Cybersecurity Preparedness – Lessons We Learnt In 2020
Blog: NASSCOM Official Blog
To call 2020 a year filled with unprecedented challenges would not be an overstatement. Right from the eruption of COVID-19 pandemic to a comprehensive list of disruptive cyber-attacks, 2020 has engendered enormous concerns to enterprise cybersecurity teams. While these cyber-attacks have caused terrible damage to many organizations globally, they have also presented several key lessons for cybersecurity and information security professionals moving forward. By taking into consideration these lessons, enterprises can augment and strengthen their security posture against the rising wave of cyber threats.
Now as we move towards a new calendar year, let us have a look at some critical areas that need to be looked after cautiously.
Data Security is Crucial
As per a recent report from Risk Based Security, the number of records exposed through the end of September 2020 has increased to 36 billion. Two breaches in Q3 leaked more than 1 billion records and four breaches exposed over 100 million records, which together accounted for approximately 8 billion exposed records.
Therefore, companies must look to protect their sensitive data in all forms i.e. at rest, in motion and in use throughout its lifespan. They should ensure data integrity, security and consistency by heeding advanced security controls like robust encryption policies that can help in reducing the impact, to some extent, if data is exfiltrated or stolen. They can establish a data governance program to manage the flow of critical information across the organization. This program may include (but not limited to) the below points:
- Assigning roles and responsibilities for managing and monitoring the consistent and effective management of the data assets
- Identifying who can take what actions, with what data, under what circumstances
- Establishing different security levels for different categories of data like highly sensitive, moderately sensitive and publicly available information
Check For Vulnerabilities
Threat actors discover and exploit vulnerabilities in order to penetrate corporate networks and infect critical resources with malware, Trojans and worms. Organizations must seek to identify and address the existing security gaps through vulnerability assessments that should be followed as a continuous practice performed at regular intervals. Such assessments have become more important than ever as employees have started coming back to their offices after a long break of remote working. Safety practices such as patching vulnerabilities and reviewing security settings will play a key role in mitigating cybersecurity incidents.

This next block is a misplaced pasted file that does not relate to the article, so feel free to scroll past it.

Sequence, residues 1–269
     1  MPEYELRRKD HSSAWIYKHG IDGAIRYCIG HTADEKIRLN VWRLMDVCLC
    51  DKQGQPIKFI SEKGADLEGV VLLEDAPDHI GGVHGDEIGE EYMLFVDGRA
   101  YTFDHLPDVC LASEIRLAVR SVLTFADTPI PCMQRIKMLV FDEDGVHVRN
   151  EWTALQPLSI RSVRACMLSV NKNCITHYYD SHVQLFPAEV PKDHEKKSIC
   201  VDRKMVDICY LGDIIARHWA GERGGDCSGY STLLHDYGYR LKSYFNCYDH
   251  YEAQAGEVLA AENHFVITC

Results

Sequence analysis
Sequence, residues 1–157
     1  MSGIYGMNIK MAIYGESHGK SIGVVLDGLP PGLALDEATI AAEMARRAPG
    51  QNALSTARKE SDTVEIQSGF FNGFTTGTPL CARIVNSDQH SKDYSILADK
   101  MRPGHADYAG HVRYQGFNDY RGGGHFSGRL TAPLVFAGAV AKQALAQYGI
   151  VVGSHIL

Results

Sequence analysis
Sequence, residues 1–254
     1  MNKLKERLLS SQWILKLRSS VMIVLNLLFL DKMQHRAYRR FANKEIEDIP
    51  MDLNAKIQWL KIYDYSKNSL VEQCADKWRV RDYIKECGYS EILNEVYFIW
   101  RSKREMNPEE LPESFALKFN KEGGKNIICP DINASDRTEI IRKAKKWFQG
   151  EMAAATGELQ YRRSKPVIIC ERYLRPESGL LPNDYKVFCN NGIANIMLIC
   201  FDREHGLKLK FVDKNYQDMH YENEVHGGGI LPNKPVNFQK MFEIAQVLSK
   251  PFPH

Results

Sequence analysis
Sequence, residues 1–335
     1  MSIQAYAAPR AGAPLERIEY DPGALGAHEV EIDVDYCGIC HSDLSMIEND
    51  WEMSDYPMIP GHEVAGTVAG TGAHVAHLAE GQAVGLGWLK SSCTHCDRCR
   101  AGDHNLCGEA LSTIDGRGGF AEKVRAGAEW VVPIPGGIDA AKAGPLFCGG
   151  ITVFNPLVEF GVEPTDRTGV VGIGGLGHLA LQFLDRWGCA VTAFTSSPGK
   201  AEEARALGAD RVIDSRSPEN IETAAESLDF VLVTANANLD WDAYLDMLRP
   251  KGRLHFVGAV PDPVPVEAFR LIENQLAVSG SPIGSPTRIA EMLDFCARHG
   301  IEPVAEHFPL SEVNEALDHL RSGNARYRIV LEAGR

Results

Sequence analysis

Cybersecurity Awareness & Training for Employees
As humans are more likely to create errors in comparison with digital assets, threat actors primarily target them using popular techniques like Social Engineering and Phishing. So far, we have witnessed several instances where cybercriminals leveraged human vulnerability to cause damage and gain huge profits.
Did you know that around 22% of breaches in 2019 involved phishing? (Source: Verizon DBIR 2020)
In 2020, the phishing attacks have continued to explode. As per the APWG’s Trend Report Q3 2020, around 199,133 unique phishing websites were detected in September. The report revealed that Saas & webmail sites were the most targeted industry sectors in Q3 2020. The most noticeable thing is that 80% of phishing sites were protected by the HTTPS encryption protocol.
Therefore, enterprises must mitigate the probability of human errors through regular training and awareness sessions. Improving awareness will not only enhance cyber hygiene and reduce cyber risks, but also help in cultivating cybersecurity culture within organizations.
Look For Ransomware
Ransomware has been the most prevalent cyber-attack faced by organizations across the world in 2020. As per a recent report by SonicWall, ransomware attacks globally have increased by 40% to reach 199.7 million in Q3 2020. Enterprises need to remain careful and can follow the below-mentioned practices to ensure their safety:
- Encourage employees to avoid clicking on the unknown URLs
- Create data backup
- Avoid disclosing personal information to unknown calls, texts, or emails
- Promote usage of anti-virus/anti-malware software
- Conduct security awareness sessions
Be Ready with Incident Response Plan
Companies should follow a proactive approach while preparing themselves to defend against cybersecurity incidents. This approach can help organizations to protect their critical data, brand reputation, customers’ trust from getting impacted by malicious activities. An Incident Response plan may include (but not limited to) some key phases including preparing a plan to prevent and respond to events, identify incidents and its severity, containment of the incident before it causes damage, addressing the root cause of the incident and restoration of systems to normal operation.
Towards the End…
Cybersecurity is not an overnight process. It is an ongoing practice that takes time and continuous efforts. This COVID-19 crisis has taught us the reason behind why we are at risk. And that is, we are not enough prepared. We often wait for things to happen and then react accordingly. To stay safe and secure, organizations need to follow a proactive approach and invest in their security infrastructure to prevent themselves from falling short to evolving, complex cyber threats.